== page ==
When’s the last time you took that approach with your field sales team?
Field sales representatives can incorporate this into their strategies just as easily. Many of the same discounts can be applied online or offline, and you can even brainstorm bonuses that would only be available to those offline leads.
4. Automatic Follow-Up
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I’m sure you’re familiar with that type of email — many businesses will send out an automatically generated email to potential customers who left with a full cart and never clicked “buy.” It can be a great way to reel them back in, and as an added bonus, some will even include a coupon code to further encourage the follow-through. So what can field sales teams do?
The follow-up email is so effective because it’s targeted, relevant, and keeps the products at top of mind. Wherever your offline lead generation is one-on-one, consider implementing a similar automatic follow-up system with leads that they couldn’t get to commit.
A similar technique could even work for offline marketing with a wide audience! Think of how you can remind potential customers of a campaign and see if you can get them to say yes.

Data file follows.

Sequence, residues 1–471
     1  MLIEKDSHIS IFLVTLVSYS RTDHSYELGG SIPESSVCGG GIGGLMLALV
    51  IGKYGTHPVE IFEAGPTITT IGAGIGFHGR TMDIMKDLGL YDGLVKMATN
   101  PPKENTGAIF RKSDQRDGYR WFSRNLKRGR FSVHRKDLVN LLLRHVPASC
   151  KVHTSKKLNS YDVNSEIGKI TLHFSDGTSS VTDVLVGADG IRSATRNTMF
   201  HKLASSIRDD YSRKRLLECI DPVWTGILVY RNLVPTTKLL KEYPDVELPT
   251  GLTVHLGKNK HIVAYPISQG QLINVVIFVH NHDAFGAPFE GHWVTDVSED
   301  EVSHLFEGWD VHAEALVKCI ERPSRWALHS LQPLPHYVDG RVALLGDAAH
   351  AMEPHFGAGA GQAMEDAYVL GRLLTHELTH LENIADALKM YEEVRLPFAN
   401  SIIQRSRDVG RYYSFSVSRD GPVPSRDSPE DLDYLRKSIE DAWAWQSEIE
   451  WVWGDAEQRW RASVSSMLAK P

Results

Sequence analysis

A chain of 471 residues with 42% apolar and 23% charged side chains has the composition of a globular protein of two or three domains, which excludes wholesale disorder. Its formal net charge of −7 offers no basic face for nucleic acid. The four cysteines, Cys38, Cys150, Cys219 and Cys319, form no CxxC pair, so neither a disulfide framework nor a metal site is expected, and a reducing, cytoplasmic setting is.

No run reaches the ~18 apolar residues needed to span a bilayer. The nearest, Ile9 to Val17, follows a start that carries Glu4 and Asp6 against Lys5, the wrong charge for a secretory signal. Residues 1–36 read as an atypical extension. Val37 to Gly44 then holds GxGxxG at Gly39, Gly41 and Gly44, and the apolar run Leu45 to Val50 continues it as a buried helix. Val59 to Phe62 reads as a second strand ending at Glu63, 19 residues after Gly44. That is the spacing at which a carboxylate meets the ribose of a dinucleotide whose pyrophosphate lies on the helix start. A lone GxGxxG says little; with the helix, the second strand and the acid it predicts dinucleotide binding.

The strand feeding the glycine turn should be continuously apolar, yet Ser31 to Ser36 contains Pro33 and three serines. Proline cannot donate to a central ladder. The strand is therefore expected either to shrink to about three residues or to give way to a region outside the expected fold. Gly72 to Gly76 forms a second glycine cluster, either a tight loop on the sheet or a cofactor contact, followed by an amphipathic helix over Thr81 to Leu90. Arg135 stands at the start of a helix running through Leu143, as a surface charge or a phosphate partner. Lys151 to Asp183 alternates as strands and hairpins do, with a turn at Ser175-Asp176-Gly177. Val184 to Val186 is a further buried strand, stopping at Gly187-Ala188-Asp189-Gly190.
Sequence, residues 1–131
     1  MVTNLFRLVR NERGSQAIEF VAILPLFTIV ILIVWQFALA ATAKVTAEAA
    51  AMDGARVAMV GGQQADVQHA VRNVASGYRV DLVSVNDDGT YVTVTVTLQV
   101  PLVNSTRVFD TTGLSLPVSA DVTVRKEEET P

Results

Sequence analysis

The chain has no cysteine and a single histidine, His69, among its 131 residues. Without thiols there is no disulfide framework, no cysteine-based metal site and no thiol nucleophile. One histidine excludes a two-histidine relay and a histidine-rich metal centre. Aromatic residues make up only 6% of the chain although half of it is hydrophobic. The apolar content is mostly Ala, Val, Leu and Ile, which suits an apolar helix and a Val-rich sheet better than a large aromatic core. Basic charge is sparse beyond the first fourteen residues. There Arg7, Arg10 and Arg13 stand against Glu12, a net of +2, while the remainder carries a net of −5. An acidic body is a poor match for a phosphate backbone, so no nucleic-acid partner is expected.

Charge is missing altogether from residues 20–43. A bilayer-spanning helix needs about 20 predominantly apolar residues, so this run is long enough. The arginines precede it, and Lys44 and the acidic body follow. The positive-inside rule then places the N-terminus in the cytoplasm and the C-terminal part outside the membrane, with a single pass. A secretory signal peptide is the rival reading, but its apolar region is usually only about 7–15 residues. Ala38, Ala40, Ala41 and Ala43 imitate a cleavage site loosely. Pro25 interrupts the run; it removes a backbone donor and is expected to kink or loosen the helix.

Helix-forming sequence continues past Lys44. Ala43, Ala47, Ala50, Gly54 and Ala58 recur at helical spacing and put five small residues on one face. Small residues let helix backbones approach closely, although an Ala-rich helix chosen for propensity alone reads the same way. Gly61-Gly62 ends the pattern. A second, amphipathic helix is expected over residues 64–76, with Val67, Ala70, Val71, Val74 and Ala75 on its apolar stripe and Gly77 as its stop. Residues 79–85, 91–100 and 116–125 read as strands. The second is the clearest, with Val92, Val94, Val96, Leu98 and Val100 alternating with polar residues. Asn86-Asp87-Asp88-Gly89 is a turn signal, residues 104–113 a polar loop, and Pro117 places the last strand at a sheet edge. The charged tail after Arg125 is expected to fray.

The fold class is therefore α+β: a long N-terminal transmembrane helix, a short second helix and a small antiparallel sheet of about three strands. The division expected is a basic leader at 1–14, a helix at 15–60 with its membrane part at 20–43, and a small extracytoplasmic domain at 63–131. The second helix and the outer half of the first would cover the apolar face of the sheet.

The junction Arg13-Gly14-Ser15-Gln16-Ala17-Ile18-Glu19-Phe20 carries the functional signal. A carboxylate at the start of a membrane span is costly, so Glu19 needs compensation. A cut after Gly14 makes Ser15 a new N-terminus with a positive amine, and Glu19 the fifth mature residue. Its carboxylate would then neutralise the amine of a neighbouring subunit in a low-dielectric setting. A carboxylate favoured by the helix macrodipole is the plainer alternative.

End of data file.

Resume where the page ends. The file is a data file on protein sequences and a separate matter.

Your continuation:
Finally, measurability. Many consider the success of offline marketing to be much more difficult to measure than online marketing. How do you count how many people saw a billboard? How do you know if the lead you targeted is buying because they saw your Facebook ad or your newspaper ad? Field sales is more one-on-one than that, but it can still be difficult to track without some effort and creativity.
Consider implementing some techniques that can help with tracking. How do your field sales reps generate and pursue leads? You may be able to use Google Analytics to your advantage. If they target in specific areas, you can use geofilters. For a rough estimate, you can see what the direct hits are on your website (assuming they didn’t get there from an email campaign or social media ad click).
You could also use custom link URLs, so when your field sales rep targets certain leads, they can give those leads a unique URL to follow, and you can easily see how many visitors found you through that link. Related to this, you can provide custom discount codes just for offline leads, or targets of a certain offline ad campaign, and track success that way. Get creative!
Conclusion: Offline versus Online?
It may be presented as a competition, but frequently there is much more to gain when offline and online marketing work together. While online marketing has been a game-changer in the marketing landscape, offline marketing will always be around, and adopting successful strategies from either world can lead to big wins.
Jake Rheude is the Director of Marketing for Red Stag Fulfillment, an ecommerce fulfillment warehouse that was born out of ecommerce. He has years of experience in ecommerce and business development. In his free time, Jake enjoys reading about business and sharing his own experience with others.